Keep plugging away at in, Grill. You're doing very well -- better than me and many others. I haven't sent anything out in months.
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Grillmeat
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« Reply #6 on: December 12, 2010, 06:56:10 PM »

Quote
Rev, you are so right. Form rejections are fine
.

I agree. I always say in my cover letter that I welcome any comments editors have time to make-and I know they don't have much time for that sort of thing. I just hate to think I might actually be "there" but unable to pin down what it is that is keeping me from getting over the top.
But you are all right. There are a number of reasons why a story might not make it and the only thing I can do is keep writing.
It's just been a long year and I had to whine for a moment.....
Rev.: Mostly my work is going to pro and semi-pro markets this year. I've subbed a couple to Library of the Living Dead press but otherwise I've been taking the beating from the big boys.  Cheesy
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jsorensen
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« Reply #7 on: December 12, 2010, 09:00:55 PM »

Hey Grill--I completely understand the need to "whine" as you put it.  I 've had eight rejections this year and three acceptances and as such I would say that I feel pretty good about that record (I've only been doing this for a year).  But I agree with you that, yes there are lots of possible reasons why a particular story doesn't get in, but we would all like to know that one little thing that decided the fate of our struggles--so I vent some  and then I feel better smiley and get back to work-- bangh
« Last Edit: December 12, 2010, 09:01:33 PM by jsorensen » Logged

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Grillmeat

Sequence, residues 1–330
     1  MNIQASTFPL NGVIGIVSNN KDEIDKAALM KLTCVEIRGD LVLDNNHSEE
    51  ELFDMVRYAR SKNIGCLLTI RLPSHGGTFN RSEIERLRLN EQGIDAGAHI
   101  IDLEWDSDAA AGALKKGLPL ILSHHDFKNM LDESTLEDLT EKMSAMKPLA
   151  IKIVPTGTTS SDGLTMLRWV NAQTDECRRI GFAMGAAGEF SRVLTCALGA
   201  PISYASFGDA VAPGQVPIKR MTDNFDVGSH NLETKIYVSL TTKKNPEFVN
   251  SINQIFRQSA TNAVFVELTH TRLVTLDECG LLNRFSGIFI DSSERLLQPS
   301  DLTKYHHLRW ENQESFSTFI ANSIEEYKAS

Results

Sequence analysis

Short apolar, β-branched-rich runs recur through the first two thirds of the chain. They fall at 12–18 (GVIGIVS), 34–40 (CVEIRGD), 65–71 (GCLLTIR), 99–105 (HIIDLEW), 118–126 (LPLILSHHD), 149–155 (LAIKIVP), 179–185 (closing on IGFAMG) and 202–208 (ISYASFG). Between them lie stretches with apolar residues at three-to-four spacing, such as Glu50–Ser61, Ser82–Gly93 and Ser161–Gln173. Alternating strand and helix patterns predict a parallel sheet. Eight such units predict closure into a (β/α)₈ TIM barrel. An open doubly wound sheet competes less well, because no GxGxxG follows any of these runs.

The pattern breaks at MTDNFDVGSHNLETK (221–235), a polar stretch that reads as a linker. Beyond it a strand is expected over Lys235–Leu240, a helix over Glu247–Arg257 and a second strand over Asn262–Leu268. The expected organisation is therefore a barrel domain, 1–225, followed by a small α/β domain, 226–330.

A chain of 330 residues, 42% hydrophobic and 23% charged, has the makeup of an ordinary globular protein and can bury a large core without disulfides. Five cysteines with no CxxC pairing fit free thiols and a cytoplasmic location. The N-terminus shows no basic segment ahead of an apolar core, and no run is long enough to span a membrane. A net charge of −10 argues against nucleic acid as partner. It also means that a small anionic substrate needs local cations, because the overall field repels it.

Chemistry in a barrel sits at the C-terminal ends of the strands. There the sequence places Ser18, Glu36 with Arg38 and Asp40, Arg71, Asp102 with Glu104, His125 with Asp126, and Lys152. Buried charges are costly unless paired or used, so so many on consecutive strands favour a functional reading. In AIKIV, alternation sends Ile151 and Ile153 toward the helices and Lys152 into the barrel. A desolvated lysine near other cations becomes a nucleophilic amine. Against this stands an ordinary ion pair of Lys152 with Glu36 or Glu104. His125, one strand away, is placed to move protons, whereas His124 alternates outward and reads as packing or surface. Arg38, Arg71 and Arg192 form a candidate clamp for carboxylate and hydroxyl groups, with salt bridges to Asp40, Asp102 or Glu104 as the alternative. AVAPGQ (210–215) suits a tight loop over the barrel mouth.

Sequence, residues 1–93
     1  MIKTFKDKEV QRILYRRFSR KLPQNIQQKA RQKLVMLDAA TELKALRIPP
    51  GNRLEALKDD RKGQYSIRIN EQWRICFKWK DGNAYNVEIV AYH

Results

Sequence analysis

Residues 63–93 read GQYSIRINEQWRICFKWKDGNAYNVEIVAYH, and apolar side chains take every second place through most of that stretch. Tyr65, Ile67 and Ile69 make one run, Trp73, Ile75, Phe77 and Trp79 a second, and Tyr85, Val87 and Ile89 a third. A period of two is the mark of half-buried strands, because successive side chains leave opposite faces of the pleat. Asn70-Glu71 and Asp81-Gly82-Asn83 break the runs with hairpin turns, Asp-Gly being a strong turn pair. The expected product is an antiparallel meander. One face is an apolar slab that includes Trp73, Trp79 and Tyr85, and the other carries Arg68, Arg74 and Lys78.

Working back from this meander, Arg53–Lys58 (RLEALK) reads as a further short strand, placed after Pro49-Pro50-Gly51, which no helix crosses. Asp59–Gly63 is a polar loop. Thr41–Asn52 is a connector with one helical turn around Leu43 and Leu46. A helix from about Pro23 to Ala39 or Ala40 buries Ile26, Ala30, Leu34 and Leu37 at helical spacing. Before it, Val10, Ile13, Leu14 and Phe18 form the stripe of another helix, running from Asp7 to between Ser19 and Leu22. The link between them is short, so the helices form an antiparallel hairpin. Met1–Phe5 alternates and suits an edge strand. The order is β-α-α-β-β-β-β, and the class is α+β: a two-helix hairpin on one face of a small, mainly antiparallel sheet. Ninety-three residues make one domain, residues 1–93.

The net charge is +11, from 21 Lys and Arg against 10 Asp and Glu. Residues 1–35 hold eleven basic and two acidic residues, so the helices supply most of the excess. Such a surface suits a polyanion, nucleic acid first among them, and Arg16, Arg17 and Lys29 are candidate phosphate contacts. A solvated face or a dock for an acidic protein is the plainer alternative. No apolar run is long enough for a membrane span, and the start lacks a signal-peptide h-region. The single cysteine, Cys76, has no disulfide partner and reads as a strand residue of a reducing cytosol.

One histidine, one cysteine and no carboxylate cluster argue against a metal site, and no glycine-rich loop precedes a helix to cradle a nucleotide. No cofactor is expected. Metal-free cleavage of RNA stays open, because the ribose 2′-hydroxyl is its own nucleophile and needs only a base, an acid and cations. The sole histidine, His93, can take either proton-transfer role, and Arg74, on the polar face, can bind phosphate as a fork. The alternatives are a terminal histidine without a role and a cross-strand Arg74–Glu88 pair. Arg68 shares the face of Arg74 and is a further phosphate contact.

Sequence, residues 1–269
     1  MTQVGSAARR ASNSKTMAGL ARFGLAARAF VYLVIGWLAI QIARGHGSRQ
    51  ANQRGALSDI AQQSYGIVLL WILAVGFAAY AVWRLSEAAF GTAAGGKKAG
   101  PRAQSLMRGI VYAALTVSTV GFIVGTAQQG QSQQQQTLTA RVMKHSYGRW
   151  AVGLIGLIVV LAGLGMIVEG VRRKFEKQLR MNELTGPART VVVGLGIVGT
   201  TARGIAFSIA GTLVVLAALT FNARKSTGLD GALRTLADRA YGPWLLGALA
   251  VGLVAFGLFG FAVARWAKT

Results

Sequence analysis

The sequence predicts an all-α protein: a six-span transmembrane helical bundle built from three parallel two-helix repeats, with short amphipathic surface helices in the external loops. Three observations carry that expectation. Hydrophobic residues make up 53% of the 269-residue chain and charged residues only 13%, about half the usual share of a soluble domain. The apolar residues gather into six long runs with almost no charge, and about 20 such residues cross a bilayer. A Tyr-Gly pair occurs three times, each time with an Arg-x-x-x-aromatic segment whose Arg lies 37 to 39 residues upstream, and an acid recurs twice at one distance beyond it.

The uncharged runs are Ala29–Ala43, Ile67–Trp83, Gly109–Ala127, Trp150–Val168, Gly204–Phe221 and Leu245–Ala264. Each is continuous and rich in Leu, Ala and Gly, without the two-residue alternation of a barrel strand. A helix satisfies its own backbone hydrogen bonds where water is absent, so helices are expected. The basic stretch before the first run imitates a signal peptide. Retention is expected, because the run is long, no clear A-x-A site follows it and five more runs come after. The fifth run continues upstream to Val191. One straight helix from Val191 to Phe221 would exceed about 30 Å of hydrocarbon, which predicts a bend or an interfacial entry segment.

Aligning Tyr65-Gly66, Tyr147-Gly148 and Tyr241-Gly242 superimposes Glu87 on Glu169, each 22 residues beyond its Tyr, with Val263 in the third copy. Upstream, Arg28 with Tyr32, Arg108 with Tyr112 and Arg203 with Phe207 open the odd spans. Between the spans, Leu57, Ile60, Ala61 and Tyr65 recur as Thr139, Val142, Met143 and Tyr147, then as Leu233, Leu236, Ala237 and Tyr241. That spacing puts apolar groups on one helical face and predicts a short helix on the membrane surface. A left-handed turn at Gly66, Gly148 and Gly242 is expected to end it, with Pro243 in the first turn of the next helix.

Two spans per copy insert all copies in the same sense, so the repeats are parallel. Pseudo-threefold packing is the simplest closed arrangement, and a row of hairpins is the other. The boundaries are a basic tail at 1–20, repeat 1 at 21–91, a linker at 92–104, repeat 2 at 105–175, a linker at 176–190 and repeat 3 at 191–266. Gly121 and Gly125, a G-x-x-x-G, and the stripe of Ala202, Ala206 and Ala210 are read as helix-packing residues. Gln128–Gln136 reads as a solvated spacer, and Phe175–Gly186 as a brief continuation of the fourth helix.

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« Reply #8 on: December 12, 2010, 10:23:36 PM »

Quote
I 've had eight rejections this year and three acceptances and as such I would say that I feel pretty good about that record (I've only been doing this for a year

I'd say that is pretty darn respectable too! cheers
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jingold
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« Reply #9 on: December 12, 2010, 10:37:00 PM »

52 rejections.  Two sales.   bangh bangh bangh

Half of those rejections were shortlisted (one was even a near miss at Clarkesworld!).  Two of them were held for a year (a flipping year!) before being told they liked it, but haven't found a spot for it, ergo pass.

I target pros and semi-pros and occasional tokens (if I like them and their duotrope acceptance rate is less than 5%).

I'm crossing my fingers on the stories currently on hold at Abyss & Apex and Andromeda Spaceways... but I'm not holding my breath.
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Grillmeat
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« Reply #10 on: December 12, 2010, 10:56:26 PM »

Yeah, I have Clarkesworld, Apex and Abyss on my list too. I had a couple at Untied Shoelaces of the Mind as well-odd title but 3 cents a word if you make it in-On Spec Magazine was the one that caused this little thread and I also had one get a nice look but no payday for the Apalachia Anthology that was listed here at the Cafe....
The guy I have been working with at HWA suggested I send a piece to Cemetery Dance but I think I'm going to have work up to that.....
BTW Jingold-nice job on so many subs this year! Last year I sent out 35-40 I think and thought that was pretty good. You've done well to write, edit and send so many pieces. afro
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jingold
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« Reply #11 on: December 13, 2010, 12:39:26 AM »

Thanks Grill.  smiley

I'm a little demented, because rejections fire me up.  It goes back to when I was querying agents for my novel.  For every rejection, send five revenge queries.  Same thing with short stories.  Send it right back out. 

Unfortunately, I only have eight stories out right now, which makes the rejections and submissions not quite as frequent. Really wish I wasn't such a slow writer....
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« Reply #12 on: December 13, 2010, 04:50:58 AM »

I have a habit of getting something rejected then, 80% of the time, abandoning it and spending time writing something brand new.  Occasionally I see a sub call for something it might fit so I'll tidy it up and resubmit, but otherwise I concentrate on something tasty and fresh.  I don't know why I'd rather face rejection for something new, rather than the same story over and over again... Wink
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« Reply #13 on: December 13, 2010, 06:50:38 AM »

I avoid rejection by never sending anything out(*)  huh

Derek

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« Reply #14 on: December 13, 2010, 07:46:31 AM »

Hmm, your idea intrigues me, and I wish to subscribe to your newsletter.